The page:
Grade-level differences: Relations of parental, teacher and peer support to academic engagement and achievement among Hong Kong students

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Researchers have long been interested in understanding factors affecting student achievement. To contribute new insights to the literature, this study investigated grade-level differences in the relationships of students' perceived academic support (from parents, teachers and peers) to academic achievement directly and also indirectly through their perceived academic engagement. Questionnaire data were collected from 270 Hong Kong adolescents in Forms 3-5 (equivalent to Grades 9-11 in the United States). Structural equation modelling analyses revealed important and interesting grade-level differences in the academic support-based achievement relationships. Specifically, perceived parental support was negatively linked to academic achievement for Form 4 students, but it was positively related to academic achievement through perceived academic engagement for Form 3 students. Perceived teacher support was a significant predictor of academic achievement only for Form 3 students. Surprisingly, perceived peer support had no significant direct or indirect relationship to student achievement. These findings were interpreted from cultural, educational, socioeconomic and developmental perspectives. Suggestions for promoting particular sources of academic support for adolescents in different grade levels were discussed. Copyright © 2008 SAGE Publications.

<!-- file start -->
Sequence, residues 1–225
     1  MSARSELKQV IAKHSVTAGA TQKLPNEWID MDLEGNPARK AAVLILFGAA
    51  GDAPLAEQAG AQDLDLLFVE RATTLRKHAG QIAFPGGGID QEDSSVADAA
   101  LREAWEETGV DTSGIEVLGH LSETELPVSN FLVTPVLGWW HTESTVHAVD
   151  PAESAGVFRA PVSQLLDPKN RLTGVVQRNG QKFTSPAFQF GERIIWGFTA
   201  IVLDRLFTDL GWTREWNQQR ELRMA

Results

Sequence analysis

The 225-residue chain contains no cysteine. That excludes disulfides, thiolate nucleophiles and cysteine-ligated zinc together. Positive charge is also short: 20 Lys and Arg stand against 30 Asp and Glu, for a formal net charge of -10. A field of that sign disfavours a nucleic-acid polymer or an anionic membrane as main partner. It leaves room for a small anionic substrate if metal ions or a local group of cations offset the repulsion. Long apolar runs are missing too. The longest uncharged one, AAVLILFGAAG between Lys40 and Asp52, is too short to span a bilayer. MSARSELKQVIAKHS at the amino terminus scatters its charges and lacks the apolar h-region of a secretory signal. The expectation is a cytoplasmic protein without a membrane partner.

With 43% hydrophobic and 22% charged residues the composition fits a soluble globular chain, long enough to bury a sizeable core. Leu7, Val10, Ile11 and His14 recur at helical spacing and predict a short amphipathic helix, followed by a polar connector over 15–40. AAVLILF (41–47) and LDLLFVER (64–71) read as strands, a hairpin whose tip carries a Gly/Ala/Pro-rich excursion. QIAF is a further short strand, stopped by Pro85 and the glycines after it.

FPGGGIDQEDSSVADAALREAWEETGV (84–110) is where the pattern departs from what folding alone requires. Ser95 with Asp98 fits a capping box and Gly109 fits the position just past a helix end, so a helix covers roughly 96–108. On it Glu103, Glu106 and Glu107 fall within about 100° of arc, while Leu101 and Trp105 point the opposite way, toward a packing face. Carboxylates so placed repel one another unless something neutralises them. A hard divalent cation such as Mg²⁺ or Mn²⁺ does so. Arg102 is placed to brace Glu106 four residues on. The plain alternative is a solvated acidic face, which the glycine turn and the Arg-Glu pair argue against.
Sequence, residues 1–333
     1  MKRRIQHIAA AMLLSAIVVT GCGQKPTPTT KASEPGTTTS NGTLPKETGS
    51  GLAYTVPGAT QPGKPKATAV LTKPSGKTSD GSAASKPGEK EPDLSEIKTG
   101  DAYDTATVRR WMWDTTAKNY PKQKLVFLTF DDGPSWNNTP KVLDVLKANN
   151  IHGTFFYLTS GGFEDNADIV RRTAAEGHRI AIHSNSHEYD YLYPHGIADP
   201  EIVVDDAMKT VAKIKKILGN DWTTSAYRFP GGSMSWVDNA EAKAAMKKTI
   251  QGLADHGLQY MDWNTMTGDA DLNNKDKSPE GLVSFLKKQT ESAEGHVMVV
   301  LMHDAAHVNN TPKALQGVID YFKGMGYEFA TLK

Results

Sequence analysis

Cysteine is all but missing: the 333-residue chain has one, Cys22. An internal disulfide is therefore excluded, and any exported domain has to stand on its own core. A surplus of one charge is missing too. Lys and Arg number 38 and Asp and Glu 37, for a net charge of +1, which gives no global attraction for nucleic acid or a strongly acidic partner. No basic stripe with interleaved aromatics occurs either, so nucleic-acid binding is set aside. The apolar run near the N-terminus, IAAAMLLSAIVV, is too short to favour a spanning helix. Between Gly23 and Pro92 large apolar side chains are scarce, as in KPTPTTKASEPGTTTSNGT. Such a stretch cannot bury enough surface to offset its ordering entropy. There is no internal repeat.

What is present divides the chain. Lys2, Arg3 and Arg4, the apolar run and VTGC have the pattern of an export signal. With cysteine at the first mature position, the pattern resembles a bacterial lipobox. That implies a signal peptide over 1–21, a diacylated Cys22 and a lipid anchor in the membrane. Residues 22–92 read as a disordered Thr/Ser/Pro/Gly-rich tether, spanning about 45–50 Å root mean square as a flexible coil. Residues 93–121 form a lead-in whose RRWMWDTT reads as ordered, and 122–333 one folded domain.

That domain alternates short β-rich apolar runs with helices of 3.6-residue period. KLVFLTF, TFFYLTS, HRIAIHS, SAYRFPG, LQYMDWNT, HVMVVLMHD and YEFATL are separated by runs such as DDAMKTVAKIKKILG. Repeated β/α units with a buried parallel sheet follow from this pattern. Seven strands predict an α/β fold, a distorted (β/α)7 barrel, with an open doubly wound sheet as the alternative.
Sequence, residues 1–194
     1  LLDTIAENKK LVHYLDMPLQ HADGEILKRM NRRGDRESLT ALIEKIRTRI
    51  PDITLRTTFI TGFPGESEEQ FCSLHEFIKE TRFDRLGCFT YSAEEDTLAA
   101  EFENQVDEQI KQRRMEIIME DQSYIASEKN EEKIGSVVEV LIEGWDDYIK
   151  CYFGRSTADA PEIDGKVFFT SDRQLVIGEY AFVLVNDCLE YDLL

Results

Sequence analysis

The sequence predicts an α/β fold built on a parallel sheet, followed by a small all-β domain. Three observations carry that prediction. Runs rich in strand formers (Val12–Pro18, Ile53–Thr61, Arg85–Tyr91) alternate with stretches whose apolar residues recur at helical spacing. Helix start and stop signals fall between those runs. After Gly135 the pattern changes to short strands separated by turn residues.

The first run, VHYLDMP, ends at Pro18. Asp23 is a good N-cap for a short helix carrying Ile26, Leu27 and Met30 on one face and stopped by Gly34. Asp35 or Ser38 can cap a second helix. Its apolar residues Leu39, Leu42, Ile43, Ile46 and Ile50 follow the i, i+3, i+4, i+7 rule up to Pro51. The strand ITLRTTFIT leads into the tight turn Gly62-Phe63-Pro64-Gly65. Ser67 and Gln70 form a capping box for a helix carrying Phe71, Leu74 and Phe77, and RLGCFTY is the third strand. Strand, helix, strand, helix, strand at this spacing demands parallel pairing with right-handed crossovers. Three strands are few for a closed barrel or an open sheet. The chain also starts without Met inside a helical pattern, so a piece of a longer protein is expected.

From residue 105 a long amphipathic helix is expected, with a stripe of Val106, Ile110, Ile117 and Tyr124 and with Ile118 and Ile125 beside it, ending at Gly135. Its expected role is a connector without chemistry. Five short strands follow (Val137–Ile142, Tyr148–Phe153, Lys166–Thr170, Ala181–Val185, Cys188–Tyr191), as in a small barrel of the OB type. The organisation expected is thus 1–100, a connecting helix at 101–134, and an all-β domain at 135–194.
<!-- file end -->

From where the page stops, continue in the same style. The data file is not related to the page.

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School Psychology International

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